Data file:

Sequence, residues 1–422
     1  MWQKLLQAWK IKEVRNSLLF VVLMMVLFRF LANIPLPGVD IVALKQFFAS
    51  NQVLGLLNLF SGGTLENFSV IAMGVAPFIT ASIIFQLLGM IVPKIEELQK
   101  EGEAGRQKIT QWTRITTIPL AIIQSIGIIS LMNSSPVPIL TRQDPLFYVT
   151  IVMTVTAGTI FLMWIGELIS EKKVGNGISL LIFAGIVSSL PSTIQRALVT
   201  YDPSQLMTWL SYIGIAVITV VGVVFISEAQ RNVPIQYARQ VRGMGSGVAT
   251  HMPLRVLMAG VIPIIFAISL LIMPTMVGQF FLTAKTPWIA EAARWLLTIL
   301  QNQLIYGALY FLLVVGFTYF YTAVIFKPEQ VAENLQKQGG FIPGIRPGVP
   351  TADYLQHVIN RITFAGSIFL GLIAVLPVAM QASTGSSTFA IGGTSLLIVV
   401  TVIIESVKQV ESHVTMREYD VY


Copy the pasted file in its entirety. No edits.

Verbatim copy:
Sequence, residues 1–422
     1  MWQKLLQAWK IKEVRNSLLF VVLMMVLFRF LANIPLPGVD IVALKQFFAS
    51  NQVLGLLNLF SGGTLENFSV IAMGVAPFIT ASIIFQLLGM IVPKIEELQK
   101  EGEAGRQKIT QWTRITTIPL AIIQSIGIIS LMNSSPVPIL TRQDPLFYVT
   151  IVMTVTAGTI FLMWIGELIS EKKVGNGISL LIFAGIVSSL PSTIQRALVT
   201  YDPSQLMTWL SYIGIAVITV VGVVFISEAQ RNVPIQYARQ VRGMGSGVAT
   251  HMPLRVLMAG VIPIIFAISL LIMPTMVGQF FLTAKTPWIA EAARWLLTIL
   301  QNQLIYGALY FLLVVGFTYF YTAVIFKPEQ VAENLQKQGG FIPGIRPGVP
   351  TADYLQHVIN RITFAGSIFL GLIAVLPVAM QASTGSSTFA IGGTSLLIVV
   401  TVIIESVKQV ESHVTMREYD VY